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Retaliatory tariffs reduced U.S. agricultural exports annually by $13.2 billion; impacts were concentrated in Midwestern States

Monday, January 24, 2022

In 2018, six U.S. trading partners—Canada, China, the European Union, India, Mexico, and Turkey—announced retaliatory tariffs affecting agricultural and food products. The agricultural products targeted for retaliation were valued at $30.4 billion in 2017, with individual product lines experiencing tariff increases ranging from 2 to 140 percent. USDA’s Economic Research Service (ERS) estimated trade losses from retaliatory tariffs by State and commodity using data in the ERS State Exports, Cash Receipts Estimates. Estimated annualized losses from mid-2018 through the end of 2019 totaled $13.2 billion across 17 commodity groups, led by soybeans, sorghum, and pork. While retaliatory tariffs affected all States, those in the Midwest experienced the largest losses. ERS researchers estimated Iowa lost $1.46 billion; Illinois, $1.41 billion; and Kansas, $955 million, all on an annualized basis. Iowa and Illinois, which together produce 25 to 30 percent of U.S. soybeans, both experienced trade losses in excess of $1 billion for soybeans alone. The retaliatory tariffs followed the issuance of U.S. tariffs on imports of steel and aluminum from major trading partners and on a broad range of imports from China. This chart can be found in the ERS report, The Economic Impacts of Retaliatory Tariffs on U.S. Agriculture, published in January 2022.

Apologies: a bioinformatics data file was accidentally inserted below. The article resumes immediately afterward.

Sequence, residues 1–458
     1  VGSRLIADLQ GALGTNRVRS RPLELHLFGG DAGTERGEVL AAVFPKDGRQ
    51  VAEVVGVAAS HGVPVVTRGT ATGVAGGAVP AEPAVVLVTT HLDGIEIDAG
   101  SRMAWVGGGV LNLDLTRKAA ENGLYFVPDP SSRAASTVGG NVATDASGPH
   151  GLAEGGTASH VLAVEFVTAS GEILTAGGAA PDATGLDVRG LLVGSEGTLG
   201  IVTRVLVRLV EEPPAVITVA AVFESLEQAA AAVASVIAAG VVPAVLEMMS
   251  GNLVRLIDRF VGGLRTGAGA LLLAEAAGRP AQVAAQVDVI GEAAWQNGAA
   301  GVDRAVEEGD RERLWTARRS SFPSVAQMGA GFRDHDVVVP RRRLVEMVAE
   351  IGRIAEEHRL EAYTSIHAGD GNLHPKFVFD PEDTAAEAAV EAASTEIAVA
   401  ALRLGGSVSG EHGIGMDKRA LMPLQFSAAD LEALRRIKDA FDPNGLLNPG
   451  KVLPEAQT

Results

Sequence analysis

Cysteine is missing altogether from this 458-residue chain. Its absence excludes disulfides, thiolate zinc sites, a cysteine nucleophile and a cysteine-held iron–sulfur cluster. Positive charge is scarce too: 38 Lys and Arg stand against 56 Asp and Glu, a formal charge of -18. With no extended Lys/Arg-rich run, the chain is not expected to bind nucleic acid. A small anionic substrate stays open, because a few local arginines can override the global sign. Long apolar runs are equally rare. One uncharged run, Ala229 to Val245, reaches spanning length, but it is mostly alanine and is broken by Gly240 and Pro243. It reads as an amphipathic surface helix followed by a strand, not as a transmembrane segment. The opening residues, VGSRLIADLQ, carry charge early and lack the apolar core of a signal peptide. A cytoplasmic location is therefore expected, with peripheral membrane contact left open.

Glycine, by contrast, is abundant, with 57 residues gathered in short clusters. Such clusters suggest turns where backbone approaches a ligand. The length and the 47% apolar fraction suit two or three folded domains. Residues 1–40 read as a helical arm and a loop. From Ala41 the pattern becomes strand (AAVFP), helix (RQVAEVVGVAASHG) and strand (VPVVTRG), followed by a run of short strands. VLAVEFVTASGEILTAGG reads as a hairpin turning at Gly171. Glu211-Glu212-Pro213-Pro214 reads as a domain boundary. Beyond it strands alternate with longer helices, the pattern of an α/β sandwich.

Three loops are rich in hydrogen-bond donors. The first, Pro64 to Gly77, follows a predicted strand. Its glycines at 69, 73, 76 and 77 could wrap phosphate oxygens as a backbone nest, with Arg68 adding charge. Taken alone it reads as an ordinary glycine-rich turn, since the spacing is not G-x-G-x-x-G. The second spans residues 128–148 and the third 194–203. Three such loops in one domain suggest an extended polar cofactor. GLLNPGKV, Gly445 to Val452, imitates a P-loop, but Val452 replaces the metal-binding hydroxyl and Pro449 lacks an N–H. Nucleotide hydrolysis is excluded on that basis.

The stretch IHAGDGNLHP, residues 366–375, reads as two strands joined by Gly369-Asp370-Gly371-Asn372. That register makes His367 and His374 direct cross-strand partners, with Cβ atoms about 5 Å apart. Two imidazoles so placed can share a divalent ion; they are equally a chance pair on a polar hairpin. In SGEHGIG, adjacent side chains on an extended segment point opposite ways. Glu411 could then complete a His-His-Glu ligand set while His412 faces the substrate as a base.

U.S. direct investment in Canada's food and beverage industries is substantial

Friday, March 9, 2012

At the end of 2010, Canada was the largest destination for U.S. direct investment abroad in the beverage/tobacco industries ($7.8 billion) and the second largest in the food industry ($5.9 billion). Mergers and acquisitions involving large firms sometimes lead to large year-to-year changes in the U.S. direct investment position in Canada's food and beverage industries. In contrast, there is little U.S. direct investment in Canadian agricultural production or the Canadian tobacco industry. This chart is found in the ERS topic on NAFTA, Canada, and Mexico, updated March 2012.

Roughly 25 percent of U.S. agricultural imports from Canada in 2010 consisted of meat

Wednesday, November 9, 2011

Roughly 66 percent of U.S. agricultural imports from Canada in 2010 consisted of meat, grains, vegetables, fruit, and related products. Three of the five leading imports in 2010 were in the broad category of animals and animal products: live cattle and calves ($1.1 billion), beef and veal ($946 million), and pork ($868 million). The other leading imports were rapeseed oil ($1.0 billion) and wheat ($511 million). This chart is found in the NAFTA, Canada & Mexico topic on the ERS website, updated April 2011.

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